New Orleans Saints quarterback Drew Brees has stirred uP a national debate on standing when the national anthem is played at sporting events. I’ve always looked on honoring the flag and standing for the national anthem as a basic premise that connotes a commitment to protect our freedoms guaranteed to us under our constitution.
Is the New Orleans area and Louisiana, as a state, entering a new phase of coronavirus protections and risks, too quickly? Are we emphasizing our health and safety needs more than we should? Are we abandoning the very real risks of the aged, the unhealthy and those prone to get sick or worse, die? Or, shouldn’t we recognize the irreparable harm to our institutions, our economy and our way of life?
A few days ago, I discussed these general issues with Arnie Fielkow during a Facebook Live event. I looked forward to the interview because it is not everybody who has held the positions of President of the New Orleans Saints, the New Orleans City Council, the National Basketball Retired Players Association and now, the Greater New Orleans Jewish Federation. I thought he would bring an articulate, divergent and interesting perspective to the controversy. After all, looking at the issue from the vantage point of an NFL team executive would be different from the perspective of a top public servant or a head of a major not-profit organization.
When Republicans failed to deliver for the American people and lost their majority in the United States House of Representatives in 2018, a true poison was unleashed on the nation. Once again, Nancy Pelosi became U.S. Speaker of the House and in her second stint in this position, she has been incredibly damaging to this country.
Did you know that those individuals around the United States and locally, who want the national governments to be prudent, follow science and put life before money, are “unconstitutional anti-business, socialists who have destroyed the American economy’?
If you looked around over the past week, you will see these epitaphs all over. They’re on protests signs, on social media posts, on certain cable networks along with revolutionary-war era slogans such as “Don’t Tread on Me”, “Give Me Liberty or Give me Death”.
As you grab your hat on the way out the door to work did you know?
The coronavirus, aka Covid-19, is a scheme to destroy the American economy, to bring down President Donald Trump and to install socialism as a body-politic.
Or, at least, that is what I have read on twitter, other social media and have heard on rush radio and the like.
I just saw about 5 minutes of an really fascinating discussion regarding what qualifies as an impeachment offense. Professor Jonathan Turley, who says he is not a Trump supporter, says the case in which he last testified about similar issue (Clinton), is very similar in terms of anger and "paucity of evidence". He says impeachment under these circumstances sets a bad standard for future presidents. Perhaps it will.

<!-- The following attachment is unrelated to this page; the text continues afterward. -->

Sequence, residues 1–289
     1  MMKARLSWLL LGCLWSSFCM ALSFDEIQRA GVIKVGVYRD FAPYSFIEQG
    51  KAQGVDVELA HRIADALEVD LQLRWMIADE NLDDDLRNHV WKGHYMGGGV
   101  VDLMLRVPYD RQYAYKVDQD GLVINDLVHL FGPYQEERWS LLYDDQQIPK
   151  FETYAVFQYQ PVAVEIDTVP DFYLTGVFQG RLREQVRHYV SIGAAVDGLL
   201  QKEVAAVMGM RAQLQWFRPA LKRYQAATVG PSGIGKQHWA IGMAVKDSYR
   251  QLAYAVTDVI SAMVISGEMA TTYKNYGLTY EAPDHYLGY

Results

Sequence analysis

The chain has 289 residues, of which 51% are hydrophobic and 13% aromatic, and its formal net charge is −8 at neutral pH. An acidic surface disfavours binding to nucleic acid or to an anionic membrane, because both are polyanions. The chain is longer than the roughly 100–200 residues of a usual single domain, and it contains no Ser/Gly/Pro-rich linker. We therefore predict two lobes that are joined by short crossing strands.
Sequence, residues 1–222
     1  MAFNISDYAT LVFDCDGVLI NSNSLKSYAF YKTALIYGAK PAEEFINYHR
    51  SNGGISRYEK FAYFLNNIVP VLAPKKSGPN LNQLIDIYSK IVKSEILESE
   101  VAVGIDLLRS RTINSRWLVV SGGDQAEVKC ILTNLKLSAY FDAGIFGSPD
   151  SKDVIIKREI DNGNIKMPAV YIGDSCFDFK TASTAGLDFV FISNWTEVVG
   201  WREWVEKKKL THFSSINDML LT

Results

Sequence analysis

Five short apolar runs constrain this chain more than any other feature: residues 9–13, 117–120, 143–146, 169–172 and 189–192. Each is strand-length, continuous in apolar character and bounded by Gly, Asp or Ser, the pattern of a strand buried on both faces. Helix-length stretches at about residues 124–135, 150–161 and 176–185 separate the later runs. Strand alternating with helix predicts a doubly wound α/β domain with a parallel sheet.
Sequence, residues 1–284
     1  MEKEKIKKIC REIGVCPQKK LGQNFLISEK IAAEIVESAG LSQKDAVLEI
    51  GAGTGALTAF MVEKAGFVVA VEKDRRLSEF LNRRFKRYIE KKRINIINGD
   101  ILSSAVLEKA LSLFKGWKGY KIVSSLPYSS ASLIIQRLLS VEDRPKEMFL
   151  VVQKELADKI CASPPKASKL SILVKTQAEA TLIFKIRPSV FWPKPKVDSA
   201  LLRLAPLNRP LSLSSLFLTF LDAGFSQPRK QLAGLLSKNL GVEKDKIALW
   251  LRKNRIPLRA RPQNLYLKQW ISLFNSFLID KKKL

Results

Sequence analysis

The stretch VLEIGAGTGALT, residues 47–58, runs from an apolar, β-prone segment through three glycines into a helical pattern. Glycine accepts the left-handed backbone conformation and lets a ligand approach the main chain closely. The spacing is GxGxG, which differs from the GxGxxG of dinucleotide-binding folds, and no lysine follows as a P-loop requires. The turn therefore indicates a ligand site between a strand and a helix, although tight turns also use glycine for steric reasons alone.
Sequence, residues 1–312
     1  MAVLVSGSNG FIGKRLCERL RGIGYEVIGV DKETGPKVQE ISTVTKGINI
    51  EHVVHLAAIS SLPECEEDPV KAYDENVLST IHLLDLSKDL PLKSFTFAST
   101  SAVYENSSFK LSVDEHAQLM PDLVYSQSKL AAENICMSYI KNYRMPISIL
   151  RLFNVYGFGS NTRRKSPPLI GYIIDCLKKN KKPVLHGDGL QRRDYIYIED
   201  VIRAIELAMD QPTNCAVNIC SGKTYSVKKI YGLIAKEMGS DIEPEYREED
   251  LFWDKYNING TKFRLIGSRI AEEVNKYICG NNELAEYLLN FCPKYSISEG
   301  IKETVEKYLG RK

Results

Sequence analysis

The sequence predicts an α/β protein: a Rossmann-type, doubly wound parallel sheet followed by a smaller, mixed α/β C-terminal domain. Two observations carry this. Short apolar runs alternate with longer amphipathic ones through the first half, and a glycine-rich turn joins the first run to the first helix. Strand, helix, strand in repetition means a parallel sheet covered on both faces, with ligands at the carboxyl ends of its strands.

It’s only fair, for a moment, to laud President Donald Trump’s coup at killing Abu Bakr al-Baghdadi by U.S. forces and the good taste not to publish photos of officials reacting to the hit. It’s understandable if some people hesitate to utter the word “coup” because of how it’s used by Republicans to describe the impeachment inquiry being conducted in congress.
As Gomer Pile insightfully said: Surprise, Surprise, Surprise. There were a number of them on election night in the Bayou State. Governor John Bel Edwards’ quest for a first primary victory fell flat as several factors in the final days of the campaign caused his poll numbers to plummet. Now voters can look forward to a nasty runoff, with the airwaves filled with a boatload of negative TV and radio spots.
In 2012, Donald Trump considered entering the GOP presidential race. Eventually, he decided to forgo a campaign and endorse Mitt Romney. Undoubtedly, it boosted Romney’s campaign and helped him secure the GOP presidential nomination.
In the 2012 general election, Romney had plenty of opportunities to win the race, but played defense during the final weeks of the campaign and snatched defeat from the jaws of victory.
It’s Louisiana primary elections 2019, Politics with a Punch time.
Elections are less than two weeks away. Early voting is upon us. Yard signs are out. Our politicians are knocking upon our doors. Our political antennas are piqued. We’re getting political come-ons on our cellphones, appeals in our emails and a barrage of negative ads on our TV’s, tablets and smartphones.